London is the capital of the United Kingdom, the biggest city in England and
one of the largest cities in Europe.
It is the most populated city in the European Union - until Brexit will officially come into effect politically separating the UK from the EU - and its inhabitants, called Londoners, come from a variety of different backgrounds, religions and cultures, making it one of the most cosmopolitan cities in the world and one of the most linguistically varied: there are over 300 languages spoken in our metropolitan area!
But one thing unites all Londoners: the Royal Family.
The Royal Family is beloved by Londoners and the royals are always the centre of the attention both in the news and on tabloids.
Many are the places in London which remind you that you live under a monarchy.
First and foremost is the palace where the Royal family lives: Buckingham Palace.
Buckingham Palace is in the heart of Westminster and it became the residence of the Queen, the British royal family and the administrative headquarters of the Royalty in 1837. It is one of the oldest, still operating, royal palaces in the world and it comprises more than 700 rooms including a music hall, the royal cabinet, several apartments and, of course, the throne room.
Today the State Rooms are used by the Queen and the members of the Royal Family to receive and entertain guests during state visits, ceremonies and official events but they are open for about two months during the summer when the Queen leaves the Palace to spend some time in her royal residence in Scotland.
I had the pleasure to visit the apartments last summer and I particularly appreciated the fine treasures from the visible Royal Collection which include paintings by Rembrandt, Rubens and Canaletto, sculptures by Canova and beautiful antique English and French furniture and ceramics.
The Buckingham Palace security is entrusted to the royal guards who patrol constantly both the facade of the building and all other areas around. Most of the time, they wear the traditional red uniform and tall bear skin hats on their heads.
In the courtyard in front of the palace the world famous changing of the guard takes place daily at specific times. The Changing of the Guard is both traditional and spectacular and you can’t say you truly visited the city if you haven’t attended it once.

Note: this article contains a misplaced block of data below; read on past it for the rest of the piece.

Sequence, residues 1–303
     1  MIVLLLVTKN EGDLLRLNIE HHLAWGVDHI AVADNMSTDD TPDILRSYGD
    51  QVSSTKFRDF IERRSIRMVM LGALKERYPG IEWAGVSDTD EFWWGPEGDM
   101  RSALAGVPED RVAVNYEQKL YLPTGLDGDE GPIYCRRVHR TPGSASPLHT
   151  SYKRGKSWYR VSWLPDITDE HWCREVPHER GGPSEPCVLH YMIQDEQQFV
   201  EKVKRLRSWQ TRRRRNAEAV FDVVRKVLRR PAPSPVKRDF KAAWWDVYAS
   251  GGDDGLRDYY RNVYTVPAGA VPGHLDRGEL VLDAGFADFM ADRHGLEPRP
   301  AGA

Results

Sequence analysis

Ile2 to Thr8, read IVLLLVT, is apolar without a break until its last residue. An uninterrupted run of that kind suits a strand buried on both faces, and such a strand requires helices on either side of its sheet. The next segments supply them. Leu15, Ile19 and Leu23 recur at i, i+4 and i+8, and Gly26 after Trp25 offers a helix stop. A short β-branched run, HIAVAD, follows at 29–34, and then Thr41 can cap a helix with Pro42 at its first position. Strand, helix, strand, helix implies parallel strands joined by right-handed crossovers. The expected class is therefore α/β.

The guards belong to a battalion of professional army men selected with special care.
During the ceremony, the new guards arrive on horseback in front of the palace courtyard to relieve the previous guards in charge, while the band accompanies them by playing not only military marches but also some favourite British songs.
The military changing of the guard takes about 5 minutes but the actual ceremony begins at the arrival of the horsemen in the large courtyard and lasts about forty minutes.
Another place I particularly appreciate in metropolitan London for its beauty and its history is the Tower of London, which, in spite of its name, is not a tower but a big palace.
Visitors to the Tower of London today will not find a solemn structure delegated to public functions or a sad prison for persons of high rank, as it was the case in the past.
Now the Tower of London is a crowded museum with countless numbers of visitors queuing neatly to visit the “House of the Crown Jewels”, a solid and ancient building which is part of the Tower complex, where highly precious jewellery used during the coronation of British monarchs is on display during the day and carefully guarded at night.
You may think that most of these objects date back to the 11th Century, since the first king to be crowned in England was William the Conqueror (in 1066), but these jewels were added gradually since the restoration of the monarchy, that is from 1661, when Charles II ascended to the throne.
I didn’t know all this history before visiting the place but I became very interested in learning more about the royal family after visiting Buckingham Palace so I decided to learn more and I think it is interesting for everyone.
So I visited Westminster Abbey. One of the most famous historic buildings in London and the most amazing church I have ever visited (and I’m originally from Italy!).
The Abbey is the most important place of worship of the capital after Saint Paul Cathedral.
It is the place where the coronations of the kings of England took place and there are also the tombs of very important people here.
Considered a World Heritage Site by Unesco, the Abbey was founded before Christ as a Benedictine monastery and it is here that William the Conqueror (Remember? We mentioned him earlier to be the first ruler of England) was crowned.
Inside the abbey you can visit the Chapel of St. George, now dedicated to the fallen of World War I, and it is here you can admire King Edward's Chair, the throne on which the sovereign sits on coronation day.
In more recent times Westminster Abbey was in the news because it is here that the funeral of Princess Diana and Mother Princess Margaret were held.
Hundreds of tombs are found here, including those of many rulers and their spouses, and also gravestones of important personalities that have marked the history of England are scattered all around such as the tombs of Winston Churchill, Charles Darwin and Isaac Newton.
In Poets' Corner, there are funeral monuments in memory of some of the greatest British writers including Shakespeare, Charles Dickens, Jane Austin and Oscar Wilde.
What impressed me about this church is that each tomb is so unique, a true work of art. The Abbey is not huge but the amount of tombstones and funeral monuments is overwhelming so you don’t know where to turn because you are literally submersed by history.
Although the entrance to the Abbey is not free of charge and the place is filled with tourists, I have seen Londoners come here to pay tribute to their royal dead.